31 May Meet Director of Natural Resources Troy Beasley
May is American Wetlands Month, and WithersRavenel is celebrating! Each week, we’re profiling one of our environmental professionals whose work includes wetlands. Today, meet the leader of our team of wetlands scientists, Director of Natural Resources Troy Beasley. A longtime WithersRavenel employee based in our Wilmington office, Troy has worked at wetlands sites along the coast and across the state.
WithersRavenel: What sparked your interest in environmental science?
Troy Beasley: I spent most of my childhood in the woods, wetlands and streams behind our house playing with frogs, lizards, snakes and all kinds of animals. I was always drawn to science in school because it interested me and came easy to me. But while in college I had a Co-Op with the U.S. Army Corps of Engineers in the Regulatory Division which exposed me to the world of environmental/wetland regulations, and I immediately knew that I wanted to work that field. After working for the USACE for two years, I took a job with an environmental consulting firm, and realized that private consulting was my calling.
WR: What is the strangest wildlife encounter you’ve had to date?
TB: I have a lot of interesting and exciting wildlife encounters with all types of wildlife in my 20 years in the field, including getting charged by a mama alligator. But the strangest wildlife encounter I’ve ever had was while delineating wetlands near a nuclear facility, we walked up on a young female white-tailed deer and she ran off about 50 yards and stopped and stared at us. She followed us the rest of the day just watching us, staying no more than 20-30 yards from us at any time, and even followed us back to the truck. Perhaps living so close to the nuclear facility had something to do with this deer’s behavior, but it was definitely strange.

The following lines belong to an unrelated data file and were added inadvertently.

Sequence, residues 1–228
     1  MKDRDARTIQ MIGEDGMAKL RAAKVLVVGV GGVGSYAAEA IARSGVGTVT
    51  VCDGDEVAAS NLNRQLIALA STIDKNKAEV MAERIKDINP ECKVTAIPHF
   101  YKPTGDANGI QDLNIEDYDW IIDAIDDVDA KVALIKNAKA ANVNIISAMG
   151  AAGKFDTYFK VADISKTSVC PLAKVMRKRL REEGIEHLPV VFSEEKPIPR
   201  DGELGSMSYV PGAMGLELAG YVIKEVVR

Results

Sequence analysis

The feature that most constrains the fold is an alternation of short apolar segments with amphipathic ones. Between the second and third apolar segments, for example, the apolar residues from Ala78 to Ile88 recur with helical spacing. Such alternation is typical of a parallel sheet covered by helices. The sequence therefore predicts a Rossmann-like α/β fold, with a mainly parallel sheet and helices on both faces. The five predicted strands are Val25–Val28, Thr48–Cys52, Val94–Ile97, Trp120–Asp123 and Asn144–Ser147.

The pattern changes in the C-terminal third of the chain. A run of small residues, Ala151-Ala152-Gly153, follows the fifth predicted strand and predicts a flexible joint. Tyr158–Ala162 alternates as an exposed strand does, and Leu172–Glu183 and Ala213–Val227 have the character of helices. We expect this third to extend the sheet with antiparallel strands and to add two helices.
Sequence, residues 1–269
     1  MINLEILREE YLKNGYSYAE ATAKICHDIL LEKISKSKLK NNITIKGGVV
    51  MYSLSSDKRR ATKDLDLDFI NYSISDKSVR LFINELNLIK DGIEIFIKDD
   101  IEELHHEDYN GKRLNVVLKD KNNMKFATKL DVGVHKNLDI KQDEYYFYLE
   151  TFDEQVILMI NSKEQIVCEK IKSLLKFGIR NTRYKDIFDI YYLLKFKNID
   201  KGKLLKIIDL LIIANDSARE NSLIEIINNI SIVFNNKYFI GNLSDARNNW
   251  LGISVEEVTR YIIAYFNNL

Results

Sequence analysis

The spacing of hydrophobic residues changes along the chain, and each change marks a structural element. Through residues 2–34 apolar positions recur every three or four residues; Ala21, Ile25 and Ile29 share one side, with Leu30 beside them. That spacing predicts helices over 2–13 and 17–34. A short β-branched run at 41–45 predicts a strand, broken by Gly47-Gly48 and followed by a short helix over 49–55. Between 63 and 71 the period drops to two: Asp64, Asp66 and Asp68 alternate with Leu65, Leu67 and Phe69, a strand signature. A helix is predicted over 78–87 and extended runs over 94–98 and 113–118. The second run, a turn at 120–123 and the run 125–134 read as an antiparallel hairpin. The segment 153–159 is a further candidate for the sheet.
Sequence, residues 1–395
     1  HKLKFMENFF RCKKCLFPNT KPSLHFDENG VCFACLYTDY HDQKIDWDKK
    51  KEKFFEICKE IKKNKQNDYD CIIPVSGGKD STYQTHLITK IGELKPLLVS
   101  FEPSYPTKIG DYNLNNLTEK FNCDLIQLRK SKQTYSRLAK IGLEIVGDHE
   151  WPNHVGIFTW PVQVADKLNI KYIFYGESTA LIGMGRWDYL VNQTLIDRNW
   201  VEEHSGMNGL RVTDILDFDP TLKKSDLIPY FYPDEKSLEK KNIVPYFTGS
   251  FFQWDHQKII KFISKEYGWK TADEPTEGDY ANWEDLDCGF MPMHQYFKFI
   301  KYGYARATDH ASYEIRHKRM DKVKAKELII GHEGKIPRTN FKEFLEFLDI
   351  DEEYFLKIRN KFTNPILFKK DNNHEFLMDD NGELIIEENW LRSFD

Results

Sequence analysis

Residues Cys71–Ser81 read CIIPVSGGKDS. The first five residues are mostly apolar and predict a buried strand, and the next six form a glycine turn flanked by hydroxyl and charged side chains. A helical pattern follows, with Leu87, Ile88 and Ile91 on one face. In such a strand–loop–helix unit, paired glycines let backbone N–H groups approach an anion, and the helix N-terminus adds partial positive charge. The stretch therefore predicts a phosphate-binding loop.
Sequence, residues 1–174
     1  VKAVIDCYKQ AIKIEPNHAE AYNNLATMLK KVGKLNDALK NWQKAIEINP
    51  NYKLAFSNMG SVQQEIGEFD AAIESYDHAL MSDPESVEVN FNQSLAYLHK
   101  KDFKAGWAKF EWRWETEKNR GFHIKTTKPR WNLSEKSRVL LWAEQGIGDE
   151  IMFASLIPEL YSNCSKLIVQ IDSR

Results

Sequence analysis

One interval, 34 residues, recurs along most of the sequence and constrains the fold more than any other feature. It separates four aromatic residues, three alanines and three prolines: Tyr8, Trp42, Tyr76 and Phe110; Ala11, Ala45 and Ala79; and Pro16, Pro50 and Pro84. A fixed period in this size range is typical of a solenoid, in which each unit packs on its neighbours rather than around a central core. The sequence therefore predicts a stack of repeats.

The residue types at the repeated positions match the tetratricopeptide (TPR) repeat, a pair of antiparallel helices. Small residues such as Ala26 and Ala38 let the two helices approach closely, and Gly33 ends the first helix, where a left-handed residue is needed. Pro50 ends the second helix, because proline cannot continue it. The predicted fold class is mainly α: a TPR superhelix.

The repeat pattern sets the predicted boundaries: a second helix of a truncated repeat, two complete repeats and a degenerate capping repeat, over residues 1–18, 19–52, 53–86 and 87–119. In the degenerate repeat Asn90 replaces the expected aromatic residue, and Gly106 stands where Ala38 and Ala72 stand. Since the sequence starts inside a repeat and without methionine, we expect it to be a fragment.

WR: What is the most beautiful outdoors spot you’ve ever encountered on the job for WithersRavenel?
TB: I am based out of our Wilmington Office, so I have lots of fieldwork around coastal marshes that have beautiful views. But the most beautiful outdoors spot I’ve encountered on the job for WR was during a delineation in Brunswick County in early spring in 2012. There was this old-growth cypress swamp with these huge, towering bald cypress trees with Spanish moss and bromeliads all over them. The water was about 6 inches deep with huge ferns growing out of it. It felt like I was in a prehistoric forest, and it was so peaceful it almost seemed magical. Seeing this type of natural beauty in areas most people will never go is really something special and a privilege, and these types of places stick out in your mind forever.
This post was originally published on May 26, 2021, and was updated on May 31, 2022.